Cody still does not speak, silently wrestling with himself. It doesn’t… feel right, to preemptively invite Kenobi to the next ceremony - doesn’t feel right for only Cody to do it; doesn’t feel right to name him vod as well as jetii general. Yet. Doesn’t feel right yet, some inner voice tacks on. He comes to an internal compromise, reaching out a hand, hesitating, committing - and lays it on the exposed skin at the base of the general’s neck, as so many of his vod’e had done for him earlier in the evening. The jedi’s skin is cooler than a clone’s; his body burns with a different intensity than the heat of Cody’s brothers. Cody just hopes he isn’t stepping out of line here, but forces himself to hold the contact.
Kenobi finally breaks his preternatural stillness to drop his gaze to his knees. “We shouldn’t have lost so many. I should have… seen… more.” His face is more solemn than Cody has ever seen it; none of the crinkling around his eyes, no dimples, no mischievous quirk to his mouth.
“You did the best you could, sir. None of the vod’e blame you. You’re a good general.” He pulls his hand back from Kenobi’s shoulder, retrieves the lightsaber, places it gently on the ground in front of the jedi’s knees. “You should be more careful with that, sir, or we might start to think you’re a better general than you are a jedi.” It’s a subtle attempt to cheer the man up, pull him out of his thoughts.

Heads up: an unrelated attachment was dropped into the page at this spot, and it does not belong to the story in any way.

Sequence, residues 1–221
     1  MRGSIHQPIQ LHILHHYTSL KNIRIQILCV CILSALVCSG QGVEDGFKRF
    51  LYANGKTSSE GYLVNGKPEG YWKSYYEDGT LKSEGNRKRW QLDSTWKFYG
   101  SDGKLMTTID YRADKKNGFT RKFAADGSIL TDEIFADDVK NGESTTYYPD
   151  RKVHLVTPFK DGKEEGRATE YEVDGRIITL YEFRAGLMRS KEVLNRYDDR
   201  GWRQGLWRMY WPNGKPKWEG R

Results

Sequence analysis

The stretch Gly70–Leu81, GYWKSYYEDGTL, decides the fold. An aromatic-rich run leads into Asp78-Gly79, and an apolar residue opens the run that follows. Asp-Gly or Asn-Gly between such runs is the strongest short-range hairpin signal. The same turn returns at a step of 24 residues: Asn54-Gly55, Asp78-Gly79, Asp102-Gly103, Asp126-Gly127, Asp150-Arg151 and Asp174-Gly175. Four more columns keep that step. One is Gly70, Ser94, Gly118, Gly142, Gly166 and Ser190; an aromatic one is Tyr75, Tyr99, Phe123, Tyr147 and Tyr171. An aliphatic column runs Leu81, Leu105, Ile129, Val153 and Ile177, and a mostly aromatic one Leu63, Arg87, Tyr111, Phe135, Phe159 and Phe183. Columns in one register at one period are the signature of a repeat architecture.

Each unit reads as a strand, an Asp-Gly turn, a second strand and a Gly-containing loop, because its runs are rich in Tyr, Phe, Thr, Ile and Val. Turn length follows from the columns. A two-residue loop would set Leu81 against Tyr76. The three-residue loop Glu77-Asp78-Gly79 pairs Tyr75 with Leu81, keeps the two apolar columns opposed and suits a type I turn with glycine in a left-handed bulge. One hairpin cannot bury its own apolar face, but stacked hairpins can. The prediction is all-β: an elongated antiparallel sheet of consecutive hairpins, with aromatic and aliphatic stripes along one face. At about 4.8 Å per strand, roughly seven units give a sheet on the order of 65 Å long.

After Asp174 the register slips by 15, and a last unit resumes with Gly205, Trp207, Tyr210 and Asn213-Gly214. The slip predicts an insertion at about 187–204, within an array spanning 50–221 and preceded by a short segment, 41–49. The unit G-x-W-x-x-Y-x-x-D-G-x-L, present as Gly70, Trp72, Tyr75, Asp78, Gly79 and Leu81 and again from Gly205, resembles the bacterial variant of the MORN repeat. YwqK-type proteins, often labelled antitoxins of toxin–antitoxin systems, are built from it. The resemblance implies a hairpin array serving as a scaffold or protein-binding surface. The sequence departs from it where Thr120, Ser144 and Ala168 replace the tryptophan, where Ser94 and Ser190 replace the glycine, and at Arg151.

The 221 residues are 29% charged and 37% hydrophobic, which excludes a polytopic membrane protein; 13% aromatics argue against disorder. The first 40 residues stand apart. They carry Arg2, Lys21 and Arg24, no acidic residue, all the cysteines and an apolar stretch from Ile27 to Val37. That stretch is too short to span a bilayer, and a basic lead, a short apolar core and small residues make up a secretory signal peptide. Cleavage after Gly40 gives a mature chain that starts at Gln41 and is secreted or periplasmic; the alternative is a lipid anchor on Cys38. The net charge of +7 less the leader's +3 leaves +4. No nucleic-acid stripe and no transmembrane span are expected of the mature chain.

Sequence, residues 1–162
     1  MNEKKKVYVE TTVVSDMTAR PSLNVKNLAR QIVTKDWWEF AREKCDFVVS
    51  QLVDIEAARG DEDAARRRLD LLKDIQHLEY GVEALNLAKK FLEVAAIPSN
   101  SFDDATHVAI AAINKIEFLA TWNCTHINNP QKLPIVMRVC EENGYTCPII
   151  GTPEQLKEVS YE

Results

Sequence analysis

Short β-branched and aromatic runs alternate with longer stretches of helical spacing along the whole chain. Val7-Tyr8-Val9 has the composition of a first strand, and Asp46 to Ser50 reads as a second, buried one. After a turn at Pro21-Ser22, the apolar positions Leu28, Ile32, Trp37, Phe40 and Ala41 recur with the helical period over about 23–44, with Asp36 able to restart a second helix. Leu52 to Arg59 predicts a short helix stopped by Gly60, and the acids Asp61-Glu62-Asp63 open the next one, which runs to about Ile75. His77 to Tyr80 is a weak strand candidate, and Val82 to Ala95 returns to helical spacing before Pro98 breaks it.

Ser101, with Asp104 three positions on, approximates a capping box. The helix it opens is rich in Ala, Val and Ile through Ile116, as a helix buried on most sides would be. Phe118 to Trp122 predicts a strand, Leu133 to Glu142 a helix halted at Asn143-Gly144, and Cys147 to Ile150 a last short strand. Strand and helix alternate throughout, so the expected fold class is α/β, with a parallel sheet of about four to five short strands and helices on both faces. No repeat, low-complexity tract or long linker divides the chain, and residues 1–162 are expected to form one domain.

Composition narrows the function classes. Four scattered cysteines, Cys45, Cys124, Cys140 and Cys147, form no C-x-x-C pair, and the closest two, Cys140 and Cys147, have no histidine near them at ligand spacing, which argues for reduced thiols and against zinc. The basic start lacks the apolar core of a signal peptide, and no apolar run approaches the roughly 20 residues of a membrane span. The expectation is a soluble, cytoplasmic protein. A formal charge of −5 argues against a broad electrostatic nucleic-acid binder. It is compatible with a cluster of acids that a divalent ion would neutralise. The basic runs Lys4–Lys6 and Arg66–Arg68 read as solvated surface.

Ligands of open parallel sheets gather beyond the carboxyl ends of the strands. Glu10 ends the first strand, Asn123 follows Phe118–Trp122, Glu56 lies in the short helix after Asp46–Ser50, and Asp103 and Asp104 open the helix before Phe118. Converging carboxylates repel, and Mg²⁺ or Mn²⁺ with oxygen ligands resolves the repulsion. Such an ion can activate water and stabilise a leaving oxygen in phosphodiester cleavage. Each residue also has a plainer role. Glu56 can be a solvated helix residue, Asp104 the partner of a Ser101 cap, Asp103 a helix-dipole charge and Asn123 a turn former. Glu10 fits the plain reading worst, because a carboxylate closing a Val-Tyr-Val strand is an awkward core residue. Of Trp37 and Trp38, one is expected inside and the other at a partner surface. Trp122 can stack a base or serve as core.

The jedi doesn’t take the bait. “The Code of my Order says that I should be able to accept my losses, no matter how great, no matter how personal, and move on at peace with myself. That to do so is the way out of darkness.” He picks up the ‘saber, turning it over in his hands. “The Jedi Code… the jedi ourselves… we’re not meant for war. I knew this as a child and I know it now, and I don’t know how to reconcile one with the other.”
Cody breathes deep, rubbing the heel of his hand against his eyes, trying to shake off the sheer unexpectedness of this whole conversation. He was made and trained for war and isn’t sure he’s equipped to discuss philosophy with one of its lifelong students, but he supposes he owes it to his general to try. He files the child comment away for later. “I don’t know your jetii code, sir, but no creed is going to stand up to every situation. You’ll learn to be the bridge. The best of us are more than what we stand for.” He remembers, suddenly, a mando’a phrase Fett had parrotted at him once while drunk on grain liquor. “ ...sa sarad cuyir gotal de pitat, runi cuyir gotal de akaan.” The clone trails into silence with a cough, suddenly embarrassed.
Kenobi turns to him for the first time in the conversation, his eyes cobalt in the blue darkness and an unreadable expression on his face. “As flowers are grown by rain, so is the soul grown by war,” he translates softly. “I... used to know someone who hated that saying.”
Cody feels trapped. He is not ready for whatever this conversation is becoming; not ready for the intensity that he can almost feel radiating off the other man. “You… speak mando’a, sir?” It seems like the wrong thing to say, but the only way out of this... this.
The jedi breaks eye contact and Cody is both relieved and distraught. “Not as well as some, I’m afraid.”
Cody looks at his hands and sinks in the silence for another heartbeat before slowly getting to his feet. He offers a hand to the jedi still kneeling on the ground. “We’ll work on that, sir.”